Bring these postural shifts and recurring problem to the attention of your patient. The first and best thing you can do is show them specifically what’s causing them grief. Then, extrapolate it. Trace forward head position to the poor posture of sitting at a disproportionate desk job with no ergonomic support. Then, show the strain of forward head position on the cervical spine, cervical nerves, shoulders, all the way down to the posterior chain.

This illumining experience sets the tone for severity and showcases the need for change. It’s the perfect preface for teaching activity modification.

Modify the habit

In addition to delivering precision adjustments to alleviate the effects of spinal misalignment, chiropractors also need to explicitly teach activity modification.

Using the example of forward head posture, it’s not enough to say “sit up straighter” or “get a better chair.” Have patients sit at a mock desk and physically show them the proper approach to correcting poor posture and mechanics. Touch the target areas for patients to be mindful of and explain the proper position relative to their habits.

Once patients are familiar with the shift that’s required to restore good mechanics, teach tips and habits that keep them mindful of these adjustments. This can include postural correction techniques, as well as stretching or lifestyle changes. It all adds up to activity modification, which breaks the cycle of chronic spinal misalignments.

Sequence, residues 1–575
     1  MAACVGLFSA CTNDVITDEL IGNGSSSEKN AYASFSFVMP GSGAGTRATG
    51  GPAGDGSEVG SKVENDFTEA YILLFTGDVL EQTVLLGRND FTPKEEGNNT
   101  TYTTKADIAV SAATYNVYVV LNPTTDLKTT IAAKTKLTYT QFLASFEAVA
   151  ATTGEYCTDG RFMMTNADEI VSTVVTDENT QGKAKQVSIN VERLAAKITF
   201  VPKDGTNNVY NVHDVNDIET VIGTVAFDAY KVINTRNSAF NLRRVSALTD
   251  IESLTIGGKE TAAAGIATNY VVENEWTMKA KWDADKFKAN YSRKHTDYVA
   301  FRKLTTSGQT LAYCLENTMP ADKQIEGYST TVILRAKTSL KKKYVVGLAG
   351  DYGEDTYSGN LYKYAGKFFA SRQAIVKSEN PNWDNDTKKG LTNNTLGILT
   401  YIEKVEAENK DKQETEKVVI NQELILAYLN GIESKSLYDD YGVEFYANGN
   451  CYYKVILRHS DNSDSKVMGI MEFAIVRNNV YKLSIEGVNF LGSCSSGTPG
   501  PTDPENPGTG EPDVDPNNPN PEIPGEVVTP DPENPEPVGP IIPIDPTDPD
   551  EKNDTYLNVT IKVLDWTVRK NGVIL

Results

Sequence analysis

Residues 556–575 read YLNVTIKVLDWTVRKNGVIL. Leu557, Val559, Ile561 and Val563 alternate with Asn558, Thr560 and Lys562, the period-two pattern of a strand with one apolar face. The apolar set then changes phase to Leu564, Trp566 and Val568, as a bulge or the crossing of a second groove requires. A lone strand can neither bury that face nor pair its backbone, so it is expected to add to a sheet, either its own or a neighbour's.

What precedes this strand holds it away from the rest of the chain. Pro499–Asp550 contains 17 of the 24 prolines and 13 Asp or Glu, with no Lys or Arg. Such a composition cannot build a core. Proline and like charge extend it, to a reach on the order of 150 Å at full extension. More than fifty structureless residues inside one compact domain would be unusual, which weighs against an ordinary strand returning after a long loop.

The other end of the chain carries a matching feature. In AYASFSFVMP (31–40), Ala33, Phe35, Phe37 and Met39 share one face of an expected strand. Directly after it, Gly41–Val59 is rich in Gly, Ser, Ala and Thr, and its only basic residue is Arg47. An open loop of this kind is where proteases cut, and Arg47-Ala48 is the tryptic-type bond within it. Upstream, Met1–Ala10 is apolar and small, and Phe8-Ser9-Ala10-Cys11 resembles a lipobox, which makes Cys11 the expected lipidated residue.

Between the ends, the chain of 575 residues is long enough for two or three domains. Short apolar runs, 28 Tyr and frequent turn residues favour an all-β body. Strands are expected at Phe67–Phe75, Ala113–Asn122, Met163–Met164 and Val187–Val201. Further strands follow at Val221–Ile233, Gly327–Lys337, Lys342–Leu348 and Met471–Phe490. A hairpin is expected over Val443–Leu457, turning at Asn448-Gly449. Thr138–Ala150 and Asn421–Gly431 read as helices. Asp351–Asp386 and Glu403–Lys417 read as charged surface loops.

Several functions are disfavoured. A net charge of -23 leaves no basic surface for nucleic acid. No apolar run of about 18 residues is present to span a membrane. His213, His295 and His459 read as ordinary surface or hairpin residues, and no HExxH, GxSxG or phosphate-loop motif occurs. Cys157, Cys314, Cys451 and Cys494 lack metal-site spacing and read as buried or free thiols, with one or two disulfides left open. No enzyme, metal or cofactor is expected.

Break the cycle

While delivering corrective relief is the primary role of a chiropractor, equally as important is teaching proactive wellness. Activity modification is a patient’s first line of defense against the habits responsible for their chronic pain and recurring problems.

Ideal Spine advocates a component of activity modification as part of a comprehensive Chiropractic BioPhysics plan. Teaching patients how to preserve the adjustments made and adopt long-term, healthy habits will reinforce overall wellness now and for the future.

Chiropractic BioPhysics® corrective care trained Chiropractors are located throughout the United States and in several international locations. CBP providers have helped thousands of people throughout the world realign their spine back to health, and eliminate a source of chronic back pain, chronic neck pain, chronic headaches and migraines, fibromyalgia, and a wide range of other health conditions. If you are serious about your health and the health of your loved ones, contact a CBP trained provider today to see if you qualify for care. The exam and consultation are often FREE. See www.CBPpatient.com for providers in your area.